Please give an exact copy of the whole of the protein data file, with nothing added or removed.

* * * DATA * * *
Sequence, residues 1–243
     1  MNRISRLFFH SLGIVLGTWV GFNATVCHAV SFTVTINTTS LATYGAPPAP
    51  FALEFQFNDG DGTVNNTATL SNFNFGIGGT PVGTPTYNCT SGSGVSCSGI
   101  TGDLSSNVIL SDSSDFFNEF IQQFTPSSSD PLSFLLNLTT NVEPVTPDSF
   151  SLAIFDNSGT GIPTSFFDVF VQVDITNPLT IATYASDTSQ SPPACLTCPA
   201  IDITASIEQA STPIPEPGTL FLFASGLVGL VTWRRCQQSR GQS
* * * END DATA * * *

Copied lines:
Sequence, residues 1–243
     1  MNRISRLFFH SLGIVLGTWV GFNATVCHAV SFTVTINTTS LATYGAPPAP
    51  FALEFQFNDG DGTVNNTATL SNFNFGIGGT PVGTPTYNCT SGSGVSCSGI
   101  TGDLSSNVIL SDSSDFFNEF IQQFTPSSSD PLSFLLNLTT NVEPVTPDSF
   151  SLAIFDNSGT GIPTSFFDVF VQVDITNPLT IATYASDTSQ SPPACLTCPA
   201  IDITASIEQA STPIPEPGTL FLFASGLVGL VTWRRCQQSR GQS